A False Sense of Security?
The tone of recent newspaper and journal articles can scarcely be more triumphant. Al Qaeda on the Ropes; The Rise and Fall of Al Qaeda and The End of the Road for Jihad are just some of the headlines at the newspaper stands in recent weeks. What accounts for this triumphalism? We are told that the Arab Spring has seen the politics of non-violent protest and the ballot box triumphing over the politics of the bullet and the suicide bomber.
We are told that the Arab Spring has severely undermined the Al Qaeda narrative. In his Knights Under the Banner of the Prophet, al-Qaeda leader Ayman al-Zawahiri argued that, ‘The international Jewish-Crusader alliance, led by America, will not allow any Muslim force to obtain power in any of the Muslim lands … It will impose sanctions on whomever helps it, even if it does not declare war against them altogether. Therefore, to adjust to this new reality, we must prepare ourselves for a battle that is not defined to a single region but rather includes the apostate domestic enemy and the Jewish-Crusader external enemy.’ Yet rulers are being toppled generally non-violently and Western nations have either stood on the sidelines or actively supported the Arab street against repressive rulers. More importantly, Islamists have come to power via the ballot box in both Tunisia and, in more spectacular fashion, in Egypt. Whilst Zawahiri masterminded the attempted assassination of Egyptian President Hosni Mubarak in Ethiopia in 1995 and failed, young people in Tahrir Square managed to topple the “Pharaoh” through non-violent means.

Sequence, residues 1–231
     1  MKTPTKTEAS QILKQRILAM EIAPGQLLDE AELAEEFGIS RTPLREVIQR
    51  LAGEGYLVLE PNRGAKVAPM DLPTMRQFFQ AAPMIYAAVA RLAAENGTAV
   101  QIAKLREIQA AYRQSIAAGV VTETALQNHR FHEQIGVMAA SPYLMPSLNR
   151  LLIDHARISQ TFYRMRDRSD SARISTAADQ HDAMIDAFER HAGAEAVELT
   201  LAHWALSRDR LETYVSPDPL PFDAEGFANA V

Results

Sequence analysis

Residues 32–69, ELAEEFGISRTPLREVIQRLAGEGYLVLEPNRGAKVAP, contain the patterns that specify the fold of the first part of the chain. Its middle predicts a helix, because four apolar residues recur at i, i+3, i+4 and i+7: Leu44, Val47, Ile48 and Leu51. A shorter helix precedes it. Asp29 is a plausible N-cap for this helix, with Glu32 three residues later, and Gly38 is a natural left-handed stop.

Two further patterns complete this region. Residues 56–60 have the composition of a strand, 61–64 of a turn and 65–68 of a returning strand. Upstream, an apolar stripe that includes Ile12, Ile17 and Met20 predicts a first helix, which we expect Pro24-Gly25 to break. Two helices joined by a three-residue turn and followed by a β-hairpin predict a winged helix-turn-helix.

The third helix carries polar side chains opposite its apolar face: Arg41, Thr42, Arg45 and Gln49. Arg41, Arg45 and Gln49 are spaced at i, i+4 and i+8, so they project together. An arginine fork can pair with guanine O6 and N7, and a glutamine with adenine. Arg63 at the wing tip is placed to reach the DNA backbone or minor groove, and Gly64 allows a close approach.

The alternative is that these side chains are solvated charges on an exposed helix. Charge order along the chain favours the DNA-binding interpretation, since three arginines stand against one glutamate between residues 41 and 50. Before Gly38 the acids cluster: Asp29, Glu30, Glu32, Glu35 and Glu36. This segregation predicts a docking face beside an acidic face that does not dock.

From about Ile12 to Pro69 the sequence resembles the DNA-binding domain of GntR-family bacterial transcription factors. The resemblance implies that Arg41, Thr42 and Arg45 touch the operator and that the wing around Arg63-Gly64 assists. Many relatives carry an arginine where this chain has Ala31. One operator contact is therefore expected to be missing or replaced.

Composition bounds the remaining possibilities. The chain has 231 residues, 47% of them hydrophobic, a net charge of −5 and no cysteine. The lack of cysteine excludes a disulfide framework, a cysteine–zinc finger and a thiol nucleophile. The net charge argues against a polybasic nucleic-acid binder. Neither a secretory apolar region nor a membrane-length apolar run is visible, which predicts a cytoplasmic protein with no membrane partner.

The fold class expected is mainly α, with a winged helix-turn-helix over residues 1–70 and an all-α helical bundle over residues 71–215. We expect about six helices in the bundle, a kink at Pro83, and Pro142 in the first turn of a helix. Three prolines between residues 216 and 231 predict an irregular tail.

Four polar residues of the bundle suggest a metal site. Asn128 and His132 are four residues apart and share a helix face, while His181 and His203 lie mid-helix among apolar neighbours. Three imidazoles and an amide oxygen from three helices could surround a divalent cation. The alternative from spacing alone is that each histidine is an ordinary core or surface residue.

Whilst the undermining of al-Qaeda’s narrative together with the death or incarceration of its senior leadership certainly raises questions as to the organisation’s future, it is far from certain that its goal towards the creation of several Islamist states on the way to a caliphate has been abandoned. After all, the victors of both the Tunisian and Egyptian polls were not exactly the young Facebook and Twitter activists desirous of a liberal democratic state. In both countries despite assurances to the contrary from the Islamists, Coptic Christians and their churches are being attacked in Egypt whilst in Tunisia female university students are being physically assaulted when not dressed “appropriately”. Is this Islamism by stealth? One of the Muslim Brotherhood’s early and most prominent ideologues, Sayyid Qutb, did not only influence generations of Muslim Brothers but also the very founders of al-Qaeda itself, especially Ayman al Zawahiri. If two organizations differ on tactics but agree on the same end-goal, does it really make the two organisations that different from each other?
The most recent edition of Newsweek has an interesting piece on how al-Qaeda’s traditional funders from the Persian Gulf are now supporting the Muslim Brothers and the Salafists at the polls. What do they know that we do not? Is this a case of al-Qaeda is Dead, Long Live al-Qaeda?